Environmental permitting of peaking power plants
Understanding the requirements – April 2020
Regulation of peaking power plants under the Environmental Permitting (England and Wales) Regulations (EPR) 2016 (as amended) is a complicated issue. This briefing note summarises the requirements for developers of peaking plants. Peaking plant are electricity generating plant that support the national grid when there is a high demand for electricity compared to base load supply.
Application of the Industrial Emissions Directive
The Industrial Emissions Directive (IED) requires combustion plant with an aggregated rated thermal input capacity (MWth) over 50 MWth (hereafter referred to as Large Combustion Plant or LCPs) obtain and comply with the conditions of an environmental permit. The stipulated permit conditions must be based on Best Available Techniques (BAT). In addition to the Chapter II requirements, the IED requires that permits for LCPs comprised of units >15MWth implement the ‘special provisions’ of Chapter III of the IED. In England and Wales, these requirements are implemented via the EPR as Part A(1) installation activities.
Best available techniques (BAT) for LCPs
BAT for IED sites are described within BAT Reference documents (Brefs) produced by the European Commission. In the case of LCPs, however, the techniques described within the Bref aren’t suited to peaking plant. In response to this, the Department of Energy and Climate Change (DECC) commissioned a report on ‘Developing BAT for combustion plants operating in the balancing market’ (published 2016). Further to this, the Environment Agency (EA) produced draft guidance in 2018 for Chapter III peaking plant only1.
The EA apply the Bref, DECC and its guidance document in its determination of permit applications for large peaking plant.
The following are the key considerations when assessing the application of BAT: • Suitability of technology for proposed use;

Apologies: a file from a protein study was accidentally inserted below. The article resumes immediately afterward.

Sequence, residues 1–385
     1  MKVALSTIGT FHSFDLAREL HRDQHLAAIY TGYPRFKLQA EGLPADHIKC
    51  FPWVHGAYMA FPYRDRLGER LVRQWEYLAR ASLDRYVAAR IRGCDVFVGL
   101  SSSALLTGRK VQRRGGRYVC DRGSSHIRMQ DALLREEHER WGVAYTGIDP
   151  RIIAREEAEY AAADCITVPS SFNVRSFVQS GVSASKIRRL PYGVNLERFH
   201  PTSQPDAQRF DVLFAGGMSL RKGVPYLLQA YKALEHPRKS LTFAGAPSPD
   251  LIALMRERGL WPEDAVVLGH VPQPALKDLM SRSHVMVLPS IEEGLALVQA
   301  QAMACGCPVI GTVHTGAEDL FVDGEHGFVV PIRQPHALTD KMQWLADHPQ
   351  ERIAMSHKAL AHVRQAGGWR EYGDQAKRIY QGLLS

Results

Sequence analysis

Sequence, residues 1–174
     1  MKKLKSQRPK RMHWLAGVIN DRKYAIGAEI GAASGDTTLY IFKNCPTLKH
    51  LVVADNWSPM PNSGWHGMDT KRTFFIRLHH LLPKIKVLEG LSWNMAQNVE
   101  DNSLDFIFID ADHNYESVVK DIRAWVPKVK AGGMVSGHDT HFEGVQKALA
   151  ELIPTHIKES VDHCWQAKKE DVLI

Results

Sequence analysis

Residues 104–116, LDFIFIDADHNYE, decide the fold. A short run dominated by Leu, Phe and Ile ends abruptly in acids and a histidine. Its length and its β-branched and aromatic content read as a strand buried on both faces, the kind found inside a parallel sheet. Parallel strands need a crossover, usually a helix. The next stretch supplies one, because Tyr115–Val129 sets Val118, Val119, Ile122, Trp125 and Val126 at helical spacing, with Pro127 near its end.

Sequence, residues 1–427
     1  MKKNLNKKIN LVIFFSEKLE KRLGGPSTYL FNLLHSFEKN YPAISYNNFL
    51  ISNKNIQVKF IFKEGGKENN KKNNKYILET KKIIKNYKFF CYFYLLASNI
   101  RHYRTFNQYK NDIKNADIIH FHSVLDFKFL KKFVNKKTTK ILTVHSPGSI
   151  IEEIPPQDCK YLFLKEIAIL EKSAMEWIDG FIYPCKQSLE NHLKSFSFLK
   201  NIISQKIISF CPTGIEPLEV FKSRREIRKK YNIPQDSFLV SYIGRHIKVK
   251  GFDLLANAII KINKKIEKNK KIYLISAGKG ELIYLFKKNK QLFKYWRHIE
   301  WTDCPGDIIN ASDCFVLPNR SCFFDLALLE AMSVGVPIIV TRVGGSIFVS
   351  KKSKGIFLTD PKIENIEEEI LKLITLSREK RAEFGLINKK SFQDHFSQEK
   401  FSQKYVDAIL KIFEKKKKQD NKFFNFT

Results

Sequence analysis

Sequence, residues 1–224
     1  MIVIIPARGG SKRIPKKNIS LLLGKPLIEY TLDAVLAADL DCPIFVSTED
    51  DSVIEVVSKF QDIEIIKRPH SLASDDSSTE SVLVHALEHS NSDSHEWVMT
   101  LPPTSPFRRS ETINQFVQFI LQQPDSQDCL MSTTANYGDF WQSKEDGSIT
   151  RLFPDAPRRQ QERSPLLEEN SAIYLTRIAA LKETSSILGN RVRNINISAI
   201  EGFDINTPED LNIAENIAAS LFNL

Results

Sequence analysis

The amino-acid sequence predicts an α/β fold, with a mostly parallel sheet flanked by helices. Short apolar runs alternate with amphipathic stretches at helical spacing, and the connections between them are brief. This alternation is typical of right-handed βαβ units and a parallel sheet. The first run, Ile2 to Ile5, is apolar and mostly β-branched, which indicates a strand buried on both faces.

- Annual operating hours;
- Energy efficiency; and
To optimise the financial performance of a site, SLR recommends that developers of such sites consider these matters from the outset of their projects as the points are linked and will affect the business model.
Part B Environmental Permits
Boilers, furnaces, gas turbines and compression ignition engines over 20MWth but less than 50MWth are required to obtain a Part B environmental permit by the EPR. Part B site’s must also employ BAT. BAT for these facilities is described in the Secretary of State’s ‘Environmental Permitting Technical Note 1/1(18) Reference document for combustion plant of 20 to 50th thermal capacity’. Regulation of Part B sites is only undertaken for the purposes of managing emissions to air. As such, the BAT requirements are less onerous than those for LCPs.
Application of the Medium Combustion Plant Directive
The Medium Combustion Plant Directive (MCPD), introduced in 2015, requires all combustion plant with rated thermal input between 1MWth and 50MWth obtain and comply with the conditions of a permit. LCPs regulated as Chapter III plant are exempt from the requirements of the MCPD whereas Chapter II plant are not. In England and Wales, the MCPD is implemented via the EPR.
Application of Specified Generator Controls
In transposing the requirements of the MCPD into the EPR, Defra introduced additional controls for Specified Generators (SGs). SGs are those MCPs that generate electricity for >50hrs per annum (incl. testing) or export electricity to the grid. <1MWth units are included too if they export electricity under a capacity market or other balancing service agreement. LCPs regulated as IED Chapter II and III plant are exempt from the requirements of the SG Controls.
In England and Wales, the SG Controls are implemented via the EPR.
The requirements described above are summarised in Figure 1.
SLR can offer numerous services for the Environmental Permitting of peaking power plants. SLR can: • Undertake BAT Assessments;
- Review existing and planned plant, and advise on the ability to comply with permitting requirements;
- Provide guidance on the need for, type of, and process for obtaining environmental permits;
- Advise on the emission limits and monitoring requirements for your plant;
- Prepare environmental permit applications;
- Undertake cost-benefit appraisals of combined heat and power operation or abatement installation; and
- Undertake air quality dispersion modelling.
1 EA – BAT guidance for >50MWth gas and liquid fuel combustion plant exporting electricity under commercial arrangements for <1500 hours per annum.